Part of my trouble is time and short attention span. Since graduating college I can honestly say I no longer have the stamina to sit and write a paper for 2-3 hours in one sitting. I have no idea how I managed to write as much as I did in school, never mind sit in class for 5 hours a day! Working 52 hours doesn’t help either. Luckily my work hours are going down starting in the new year. Maybe with that extra time I will try to write a little bit more each day. I can only hope Netflix will not beckon me over….

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Re-vamping, Re-writing

I have begun the process of re-writing Charley’s Dragons, my “finished” MS! I decided to do this after everyone (and I mean EVERYONE) in my critique group were thrilled about the same parts and annoyed/angered/frustrated at the other same parts. The story was told in three perspectives, but one of them wasn’t working. I also allowed my grandmother to read the MS and she forgot almost everything that happened in the perspective my critique group hated. My mom shook this off, saying that my gramma is old and her memory isn’t fabulous, but I thought it was significant. Obviously a major part of my MS was not working, and not even worth remembering.

The original perspectives were: dialog between Charley and the psychiatrist, third person perspective showing the real world, and first person perspective of Charley in a hallucination world. No one liked the third person perspective in my group. The characters apparently were unlikable and the writing was stilted. I was feeling unsure of how to edit, when one member suggested getting rid of the third person perspective all together. I could feel the light bulb turning on over my head. I needed to re-write my book.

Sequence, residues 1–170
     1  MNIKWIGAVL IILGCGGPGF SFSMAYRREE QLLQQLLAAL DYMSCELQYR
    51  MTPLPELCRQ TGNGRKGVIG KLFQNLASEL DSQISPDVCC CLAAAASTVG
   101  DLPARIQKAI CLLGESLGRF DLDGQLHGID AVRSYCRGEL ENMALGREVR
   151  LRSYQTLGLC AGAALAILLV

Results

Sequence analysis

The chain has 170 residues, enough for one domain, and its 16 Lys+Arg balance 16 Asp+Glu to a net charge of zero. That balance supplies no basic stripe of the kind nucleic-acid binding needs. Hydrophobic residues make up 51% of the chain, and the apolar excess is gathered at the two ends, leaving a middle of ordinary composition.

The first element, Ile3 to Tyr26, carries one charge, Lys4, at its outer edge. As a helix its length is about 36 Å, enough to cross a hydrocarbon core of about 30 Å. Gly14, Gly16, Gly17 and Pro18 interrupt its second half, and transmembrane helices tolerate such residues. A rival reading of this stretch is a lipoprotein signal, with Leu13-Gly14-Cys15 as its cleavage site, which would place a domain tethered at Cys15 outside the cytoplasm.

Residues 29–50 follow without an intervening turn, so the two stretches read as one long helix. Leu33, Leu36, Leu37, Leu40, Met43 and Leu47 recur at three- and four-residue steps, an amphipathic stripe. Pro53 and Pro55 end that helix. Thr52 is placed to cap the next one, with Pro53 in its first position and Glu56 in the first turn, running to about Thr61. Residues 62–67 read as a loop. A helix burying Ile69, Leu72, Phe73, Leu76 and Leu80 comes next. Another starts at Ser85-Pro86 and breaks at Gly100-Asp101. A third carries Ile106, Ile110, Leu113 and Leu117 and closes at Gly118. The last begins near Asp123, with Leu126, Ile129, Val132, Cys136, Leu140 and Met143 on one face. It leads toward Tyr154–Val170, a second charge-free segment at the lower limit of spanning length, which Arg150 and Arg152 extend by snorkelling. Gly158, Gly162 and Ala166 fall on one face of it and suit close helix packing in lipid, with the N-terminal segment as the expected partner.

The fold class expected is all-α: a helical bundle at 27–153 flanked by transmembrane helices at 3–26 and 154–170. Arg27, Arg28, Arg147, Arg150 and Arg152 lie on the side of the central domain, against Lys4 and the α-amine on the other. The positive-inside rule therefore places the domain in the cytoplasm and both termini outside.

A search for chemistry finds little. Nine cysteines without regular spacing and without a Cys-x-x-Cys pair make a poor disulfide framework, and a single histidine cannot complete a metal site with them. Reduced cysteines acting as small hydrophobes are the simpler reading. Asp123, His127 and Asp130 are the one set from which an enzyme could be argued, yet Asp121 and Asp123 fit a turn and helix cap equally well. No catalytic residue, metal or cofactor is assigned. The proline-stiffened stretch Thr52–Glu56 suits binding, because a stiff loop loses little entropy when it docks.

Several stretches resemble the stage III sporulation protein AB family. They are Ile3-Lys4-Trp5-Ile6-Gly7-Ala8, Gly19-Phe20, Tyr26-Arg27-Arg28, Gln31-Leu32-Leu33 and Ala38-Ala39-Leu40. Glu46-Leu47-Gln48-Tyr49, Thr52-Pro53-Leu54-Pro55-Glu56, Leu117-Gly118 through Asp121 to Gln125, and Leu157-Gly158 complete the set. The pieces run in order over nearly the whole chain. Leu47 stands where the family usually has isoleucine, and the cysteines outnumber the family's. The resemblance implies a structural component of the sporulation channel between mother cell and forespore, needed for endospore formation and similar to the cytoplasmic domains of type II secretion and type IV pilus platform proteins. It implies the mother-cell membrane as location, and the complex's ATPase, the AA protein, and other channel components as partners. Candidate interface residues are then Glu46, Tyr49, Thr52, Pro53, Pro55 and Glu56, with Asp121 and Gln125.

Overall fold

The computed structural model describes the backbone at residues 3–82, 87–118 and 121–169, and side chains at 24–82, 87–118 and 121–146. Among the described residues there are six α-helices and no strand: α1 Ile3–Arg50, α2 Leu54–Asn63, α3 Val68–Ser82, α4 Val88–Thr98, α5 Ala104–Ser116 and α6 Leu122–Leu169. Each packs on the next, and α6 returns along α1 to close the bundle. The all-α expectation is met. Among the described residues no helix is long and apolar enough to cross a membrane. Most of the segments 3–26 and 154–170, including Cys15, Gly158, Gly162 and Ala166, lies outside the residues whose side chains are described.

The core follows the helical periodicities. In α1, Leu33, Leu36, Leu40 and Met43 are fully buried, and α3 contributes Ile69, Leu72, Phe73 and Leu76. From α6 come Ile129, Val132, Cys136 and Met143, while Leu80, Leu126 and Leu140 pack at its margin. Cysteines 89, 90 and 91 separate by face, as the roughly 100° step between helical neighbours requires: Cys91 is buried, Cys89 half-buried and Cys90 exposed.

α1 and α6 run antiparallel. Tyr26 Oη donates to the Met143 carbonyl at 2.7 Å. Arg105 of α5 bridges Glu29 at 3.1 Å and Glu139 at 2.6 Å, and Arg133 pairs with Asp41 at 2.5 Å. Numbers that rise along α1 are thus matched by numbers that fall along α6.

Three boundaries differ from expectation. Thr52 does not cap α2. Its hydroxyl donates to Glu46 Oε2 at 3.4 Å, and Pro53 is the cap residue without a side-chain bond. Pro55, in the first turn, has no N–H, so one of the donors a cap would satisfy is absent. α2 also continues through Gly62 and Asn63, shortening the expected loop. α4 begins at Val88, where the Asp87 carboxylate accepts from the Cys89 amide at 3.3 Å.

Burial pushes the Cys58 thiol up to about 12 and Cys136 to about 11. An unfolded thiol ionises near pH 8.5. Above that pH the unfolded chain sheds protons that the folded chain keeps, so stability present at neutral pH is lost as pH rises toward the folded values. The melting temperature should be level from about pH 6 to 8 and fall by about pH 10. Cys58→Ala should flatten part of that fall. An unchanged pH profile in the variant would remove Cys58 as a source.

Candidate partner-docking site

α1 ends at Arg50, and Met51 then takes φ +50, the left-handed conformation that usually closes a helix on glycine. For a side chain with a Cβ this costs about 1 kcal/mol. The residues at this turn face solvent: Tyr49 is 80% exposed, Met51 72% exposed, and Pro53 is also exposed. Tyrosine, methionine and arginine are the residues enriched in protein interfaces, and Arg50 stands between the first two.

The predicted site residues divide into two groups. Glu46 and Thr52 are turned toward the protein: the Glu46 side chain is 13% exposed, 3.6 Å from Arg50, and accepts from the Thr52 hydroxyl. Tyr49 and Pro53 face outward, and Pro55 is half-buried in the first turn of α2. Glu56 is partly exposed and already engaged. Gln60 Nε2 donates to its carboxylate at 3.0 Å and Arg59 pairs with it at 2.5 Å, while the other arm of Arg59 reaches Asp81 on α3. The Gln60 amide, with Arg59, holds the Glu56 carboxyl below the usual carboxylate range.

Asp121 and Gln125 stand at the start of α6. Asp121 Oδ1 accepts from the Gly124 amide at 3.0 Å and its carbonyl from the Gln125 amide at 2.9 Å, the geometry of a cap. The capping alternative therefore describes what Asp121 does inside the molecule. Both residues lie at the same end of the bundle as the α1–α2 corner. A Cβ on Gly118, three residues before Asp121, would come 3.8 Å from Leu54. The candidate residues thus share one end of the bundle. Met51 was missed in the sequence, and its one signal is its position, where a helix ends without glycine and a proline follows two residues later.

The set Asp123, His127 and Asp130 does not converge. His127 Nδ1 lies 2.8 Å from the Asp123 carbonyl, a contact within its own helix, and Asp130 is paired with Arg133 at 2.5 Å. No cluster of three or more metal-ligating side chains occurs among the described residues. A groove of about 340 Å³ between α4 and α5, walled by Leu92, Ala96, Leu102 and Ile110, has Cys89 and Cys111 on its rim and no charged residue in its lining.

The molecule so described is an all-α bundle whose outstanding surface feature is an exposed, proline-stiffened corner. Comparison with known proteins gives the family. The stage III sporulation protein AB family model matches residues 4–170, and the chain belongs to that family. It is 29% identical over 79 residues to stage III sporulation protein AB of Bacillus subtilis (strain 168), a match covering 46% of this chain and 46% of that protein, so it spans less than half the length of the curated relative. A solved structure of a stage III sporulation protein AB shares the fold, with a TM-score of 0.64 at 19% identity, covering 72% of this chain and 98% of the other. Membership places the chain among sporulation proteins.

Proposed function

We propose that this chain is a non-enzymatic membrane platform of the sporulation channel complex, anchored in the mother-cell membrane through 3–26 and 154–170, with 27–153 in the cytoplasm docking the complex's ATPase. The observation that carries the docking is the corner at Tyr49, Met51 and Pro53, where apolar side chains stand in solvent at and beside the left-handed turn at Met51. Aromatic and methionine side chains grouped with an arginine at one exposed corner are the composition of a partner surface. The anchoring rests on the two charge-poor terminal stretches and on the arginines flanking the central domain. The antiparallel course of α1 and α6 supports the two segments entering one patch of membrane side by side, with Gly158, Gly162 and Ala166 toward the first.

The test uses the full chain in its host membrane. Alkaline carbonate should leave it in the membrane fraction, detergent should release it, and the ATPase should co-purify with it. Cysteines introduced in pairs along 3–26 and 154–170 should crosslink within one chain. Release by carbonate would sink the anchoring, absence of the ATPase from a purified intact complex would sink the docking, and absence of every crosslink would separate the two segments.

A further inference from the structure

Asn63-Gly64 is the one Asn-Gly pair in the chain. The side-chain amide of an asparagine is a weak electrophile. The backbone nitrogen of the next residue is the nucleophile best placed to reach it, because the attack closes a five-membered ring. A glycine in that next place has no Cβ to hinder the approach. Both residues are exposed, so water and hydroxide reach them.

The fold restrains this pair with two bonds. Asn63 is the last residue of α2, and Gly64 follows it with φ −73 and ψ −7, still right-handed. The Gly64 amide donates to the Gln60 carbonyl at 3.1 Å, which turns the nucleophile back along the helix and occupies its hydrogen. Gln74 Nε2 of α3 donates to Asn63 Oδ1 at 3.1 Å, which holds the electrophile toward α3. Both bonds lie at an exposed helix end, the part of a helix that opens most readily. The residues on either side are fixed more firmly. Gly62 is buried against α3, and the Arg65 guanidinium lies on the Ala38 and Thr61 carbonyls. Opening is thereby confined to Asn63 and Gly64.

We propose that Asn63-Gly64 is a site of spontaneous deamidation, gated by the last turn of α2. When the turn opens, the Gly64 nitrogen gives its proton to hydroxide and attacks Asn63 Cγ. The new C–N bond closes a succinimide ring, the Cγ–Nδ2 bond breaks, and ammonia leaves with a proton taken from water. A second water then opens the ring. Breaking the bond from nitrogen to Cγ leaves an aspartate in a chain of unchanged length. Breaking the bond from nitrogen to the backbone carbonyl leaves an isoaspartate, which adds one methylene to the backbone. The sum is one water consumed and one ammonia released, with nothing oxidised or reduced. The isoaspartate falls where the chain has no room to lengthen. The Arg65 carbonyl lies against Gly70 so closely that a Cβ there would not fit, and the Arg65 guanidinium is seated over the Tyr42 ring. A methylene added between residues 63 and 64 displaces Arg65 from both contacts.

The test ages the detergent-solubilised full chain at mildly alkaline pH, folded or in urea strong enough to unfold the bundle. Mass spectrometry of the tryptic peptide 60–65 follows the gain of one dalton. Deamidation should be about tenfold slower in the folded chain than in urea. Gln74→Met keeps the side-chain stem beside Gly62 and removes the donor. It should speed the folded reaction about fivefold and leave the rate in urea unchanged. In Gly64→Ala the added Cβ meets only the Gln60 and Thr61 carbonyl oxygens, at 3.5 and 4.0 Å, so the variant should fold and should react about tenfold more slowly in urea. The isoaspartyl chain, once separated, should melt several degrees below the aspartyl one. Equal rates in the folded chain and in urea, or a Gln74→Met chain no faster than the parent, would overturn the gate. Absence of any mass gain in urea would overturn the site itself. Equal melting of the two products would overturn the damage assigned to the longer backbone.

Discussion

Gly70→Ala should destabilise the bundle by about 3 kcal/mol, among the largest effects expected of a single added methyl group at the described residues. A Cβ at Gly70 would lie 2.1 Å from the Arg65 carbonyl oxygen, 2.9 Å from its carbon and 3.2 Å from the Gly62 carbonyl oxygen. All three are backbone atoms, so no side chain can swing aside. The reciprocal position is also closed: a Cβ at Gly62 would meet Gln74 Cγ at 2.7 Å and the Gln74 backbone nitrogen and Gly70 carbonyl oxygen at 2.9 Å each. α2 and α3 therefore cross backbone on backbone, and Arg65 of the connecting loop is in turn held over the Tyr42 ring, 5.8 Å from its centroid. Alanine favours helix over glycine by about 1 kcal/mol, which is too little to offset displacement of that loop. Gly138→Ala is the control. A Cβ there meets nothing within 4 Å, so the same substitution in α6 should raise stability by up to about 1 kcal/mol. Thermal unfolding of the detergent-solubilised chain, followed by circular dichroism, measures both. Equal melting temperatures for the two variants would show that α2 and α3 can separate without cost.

I am really enjoying how my MS is coming along. It was scary at first when I took out the third person perspective and my MS dropped over 40,000 words. That’s a lot to make up, especially since half of the story is dialog. I have been picking away at the story and I think it is working. I can take the events that happen in the old parts and make them even more interesting in the remaining parts. The word count is slowly moving ahead (I’m up to 21,000 words! Woo Hoo!) but I think it will reach novel length. The original MS was pretty short for a novel as it was, but hopefully agents will not get pissy about a shorter novel.

I have taken a risk deciding to re-write the book, yet it was a necessary endeavor. I wanted to have an agent by now and be on the way to a second published book, but agents were not thrilled and my critique group helped me see why. I am looking forward to finishing Charley’s Dragons again, although I know the process will be slow balancing writing and my 4 jobs and needy pets, but it will get done. I’m staying positive and taking it a little bit at a time! Something is better than nothing.